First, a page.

Public engagement: Article recommended by the Comparative Agendas Project (https://www.comparativeagendas.net/news/just-published-cap-in-the-european-journal-of-public-policy)
2018 - The effects of the Fukushima disaster on nuclear energy debates and policies: a two-step comparative examination (Environmental Politics, with Maarja Lühiste, Laura Morales, and Daniel Bischof)
2018 - Policy Responsiveness and Electoral Incentives: A (Re)assessment (Political Behavior)
2018 - From popularity to vulnerability: An application to dynamic representation in coalition governments (Party Politics)
The Effectiveness of Online and Offline Protest and Advocacy on Policy Change (conference paper, with Louisa Parks and Laura Morales)
Voters' Responsiveness to Parties' Policy Rhetoric and Action
If you are a young researcher and you are evaluating the pros and cons of spending a research stay in another institution my impartial advice would be: do it and choose wisely! Not only it can be such an enriching experience, but you can get the chance to start incredible collaborations and friendships with amazing academics and human beings. This is what happened to me and my research visiting at the Department of Political Science at the University of California, Davis with Prof James Adams. Almost all the research that is reported here is the product of such incredible collaboration.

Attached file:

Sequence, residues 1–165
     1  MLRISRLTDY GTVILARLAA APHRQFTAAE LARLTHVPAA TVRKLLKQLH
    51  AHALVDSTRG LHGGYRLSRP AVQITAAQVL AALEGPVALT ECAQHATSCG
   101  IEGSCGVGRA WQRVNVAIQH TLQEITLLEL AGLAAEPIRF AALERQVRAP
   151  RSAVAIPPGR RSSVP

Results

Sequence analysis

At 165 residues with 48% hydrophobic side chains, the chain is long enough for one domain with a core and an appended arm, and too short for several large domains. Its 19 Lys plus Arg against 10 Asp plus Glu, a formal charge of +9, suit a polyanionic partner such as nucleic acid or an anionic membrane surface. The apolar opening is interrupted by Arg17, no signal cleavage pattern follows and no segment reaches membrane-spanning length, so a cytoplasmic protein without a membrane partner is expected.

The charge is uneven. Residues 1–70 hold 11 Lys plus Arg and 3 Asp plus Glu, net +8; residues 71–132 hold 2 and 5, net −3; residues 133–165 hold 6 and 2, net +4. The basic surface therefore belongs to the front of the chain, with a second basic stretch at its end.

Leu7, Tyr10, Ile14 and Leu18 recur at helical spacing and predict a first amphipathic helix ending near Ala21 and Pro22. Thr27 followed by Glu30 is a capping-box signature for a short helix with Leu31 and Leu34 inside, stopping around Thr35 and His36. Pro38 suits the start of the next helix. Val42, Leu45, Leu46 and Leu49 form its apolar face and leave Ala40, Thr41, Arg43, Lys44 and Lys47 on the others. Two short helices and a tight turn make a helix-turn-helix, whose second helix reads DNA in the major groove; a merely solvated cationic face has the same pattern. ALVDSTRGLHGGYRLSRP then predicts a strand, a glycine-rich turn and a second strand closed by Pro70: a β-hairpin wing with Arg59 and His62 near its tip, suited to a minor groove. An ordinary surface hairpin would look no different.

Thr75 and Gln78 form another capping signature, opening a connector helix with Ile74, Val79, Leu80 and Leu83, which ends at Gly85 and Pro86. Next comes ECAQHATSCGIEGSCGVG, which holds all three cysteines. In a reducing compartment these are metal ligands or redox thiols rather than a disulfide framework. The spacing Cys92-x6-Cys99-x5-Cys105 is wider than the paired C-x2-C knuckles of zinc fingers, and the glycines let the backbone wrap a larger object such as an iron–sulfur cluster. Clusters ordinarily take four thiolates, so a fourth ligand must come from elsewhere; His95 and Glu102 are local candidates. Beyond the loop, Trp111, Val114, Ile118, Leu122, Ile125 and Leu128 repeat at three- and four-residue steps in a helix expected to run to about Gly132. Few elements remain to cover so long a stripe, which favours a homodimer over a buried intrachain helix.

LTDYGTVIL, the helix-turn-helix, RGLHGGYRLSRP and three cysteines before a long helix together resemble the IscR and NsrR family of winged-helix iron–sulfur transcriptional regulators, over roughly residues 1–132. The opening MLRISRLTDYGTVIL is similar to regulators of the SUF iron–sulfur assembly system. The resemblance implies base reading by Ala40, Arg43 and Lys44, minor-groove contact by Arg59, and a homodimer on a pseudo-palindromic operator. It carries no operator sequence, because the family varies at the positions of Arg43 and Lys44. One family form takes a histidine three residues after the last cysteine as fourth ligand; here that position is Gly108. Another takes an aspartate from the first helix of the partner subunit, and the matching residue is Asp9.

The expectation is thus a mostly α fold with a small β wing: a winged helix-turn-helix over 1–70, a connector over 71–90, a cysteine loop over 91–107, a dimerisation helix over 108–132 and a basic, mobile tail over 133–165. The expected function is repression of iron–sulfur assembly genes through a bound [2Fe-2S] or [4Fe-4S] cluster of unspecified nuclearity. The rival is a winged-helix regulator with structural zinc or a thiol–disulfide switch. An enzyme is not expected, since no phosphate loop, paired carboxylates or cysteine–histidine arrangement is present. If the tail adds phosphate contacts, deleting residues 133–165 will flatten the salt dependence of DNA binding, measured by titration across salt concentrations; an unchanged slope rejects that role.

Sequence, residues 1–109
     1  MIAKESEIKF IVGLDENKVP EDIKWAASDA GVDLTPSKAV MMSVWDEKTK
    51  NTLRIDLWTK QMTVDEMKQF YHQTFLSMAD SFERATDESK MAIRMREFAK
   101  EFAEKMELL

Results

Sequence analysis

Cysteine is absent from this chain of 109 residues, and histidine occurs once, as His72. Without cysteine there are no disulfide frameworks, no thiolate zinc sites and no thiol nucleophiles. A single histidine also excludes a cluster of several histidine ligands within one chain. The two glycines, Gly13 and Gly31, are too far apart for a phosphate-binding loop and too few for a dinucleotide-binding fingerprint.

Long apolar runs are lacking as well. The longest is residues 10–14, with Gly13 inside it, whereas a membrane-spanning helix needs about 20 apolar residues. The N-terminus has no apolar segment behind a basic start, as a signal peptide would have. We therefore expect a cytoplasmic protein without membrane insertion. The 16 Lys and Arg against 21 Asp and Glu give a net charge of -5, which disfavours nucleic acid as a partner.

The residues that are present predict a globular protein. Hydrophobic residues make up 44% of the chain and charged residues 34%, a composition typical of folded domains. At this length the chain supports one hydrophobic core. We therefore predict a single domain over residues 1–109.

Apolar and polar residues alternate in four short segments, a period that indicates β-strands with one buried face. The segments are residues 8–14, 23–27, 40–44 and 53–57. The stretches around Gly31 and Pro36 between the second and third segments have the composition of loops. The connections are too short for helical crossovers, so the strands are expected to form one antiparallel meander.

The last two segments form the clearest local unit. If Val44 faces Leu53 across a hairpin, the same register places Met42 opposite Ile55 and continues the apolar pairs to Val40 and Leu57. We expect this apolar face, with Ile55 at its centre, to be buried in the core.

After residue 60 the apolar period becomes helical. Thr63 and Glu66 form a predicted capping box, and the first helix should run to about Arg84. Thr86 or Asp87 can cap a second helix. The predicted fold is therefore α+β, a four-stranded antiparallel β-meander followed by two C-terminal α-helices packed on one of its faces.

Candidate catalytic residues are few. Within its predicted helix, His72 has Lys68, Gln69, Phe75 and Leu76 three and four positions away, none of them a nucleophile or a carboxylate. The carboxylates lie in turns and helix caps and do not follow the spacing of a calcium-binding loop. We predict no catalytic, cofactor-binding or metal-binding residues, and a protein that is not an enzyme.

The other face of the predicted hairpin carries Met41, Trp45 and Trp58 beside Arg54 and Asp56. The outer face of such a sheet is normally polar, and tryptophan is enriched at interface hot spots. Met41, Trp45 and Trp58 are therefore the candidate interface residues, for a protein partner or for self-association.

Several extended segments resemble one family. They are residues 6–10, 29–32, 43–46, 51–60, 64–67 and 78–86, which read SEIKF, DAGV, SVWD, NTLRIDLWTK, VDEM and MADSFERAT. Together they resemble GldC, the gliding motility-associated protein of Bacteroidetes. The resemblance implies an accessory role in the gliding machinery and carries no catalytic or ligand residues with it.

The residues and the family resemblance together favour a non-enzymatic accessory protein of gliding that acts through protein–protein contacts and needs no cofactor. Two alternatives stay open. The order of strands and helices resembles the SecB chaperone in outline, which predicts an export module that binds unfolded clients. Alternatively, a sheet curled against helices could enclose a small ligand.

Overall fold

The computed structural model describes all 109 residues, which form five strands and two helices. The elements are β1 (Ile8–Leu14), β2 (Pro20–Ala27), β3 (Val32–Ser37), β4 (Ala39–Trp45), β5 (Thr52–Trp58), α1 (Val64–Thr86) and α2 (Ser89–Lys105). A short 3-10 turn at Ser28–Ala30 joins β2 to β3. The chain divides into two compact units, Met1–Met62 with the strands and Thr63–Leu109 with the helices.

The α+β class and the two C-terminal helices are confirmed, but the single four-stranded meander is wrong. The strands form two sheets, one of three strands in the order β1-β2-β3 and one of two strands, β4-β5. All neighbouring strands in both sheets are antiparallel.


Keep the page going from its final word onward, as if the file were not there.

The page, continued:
N.d. - Party Policy Shifts, Issue Ownership, and Their Electoral Consequences (Under review, with James Adams, Lawrence Ezrow, and Zeynep Somer-Topcu)
N.d. - Governing Status and Intra-Party Disagreement in Advanced Democracies (Under review, with Francesco Visconti, Oriol Sabaté, and Laura Morales)
2020 The Simplest Government Heuristic of All: Citizens Infer that Governing Parties are Pro-European Union (Forthcoming in Comparative Political Studies, with James Adams and C. Michelle Phillips)
2019 - Social Welfare Policy Outputs and Governing Parties' Left-Right Images: Do Voters Respond? (Accepted for publication in the Journal of Politics, with James Adams and Christopher Wlezien)
2019 - A problem with empirical studies of party policy shifts: Alternative measures of party shifts are uncorrelated (European Journal of Political Research, with James Adams, Lawrence Ezrow, Oakley Gordon, Tzu-Ping Liu, and C. Michelle Phillips)
2019 - Governing Coalition Partners’ Images Shift in Parallel but Do Not Converge (Journal of Politics, with James Adams)
2019 - Does Government Support Respond to Governments’ Social Welfare Rhetoric or their Spending? An Analysis of Government Support in Britain, Spain and the United States (British Journal of Political Science, with James Adams)
Public engagement: Article recommended by the Comparative Agendas Project (https://www.comparativeagendas.net/news/new-article-in-bjps-using-cap-data-from-spain-uk-us)
2017 - Challenges of political participation and intra-party democracy: Bittersweet symphony from party membership and primary elections in Italy (Acta Politica, with Giulia Sandri and Antonella Seddone)
The consequences of Covid-19 responses on mental health and political attitudes
BRITISH ACADEMY (UK)
July 2020 - September 2021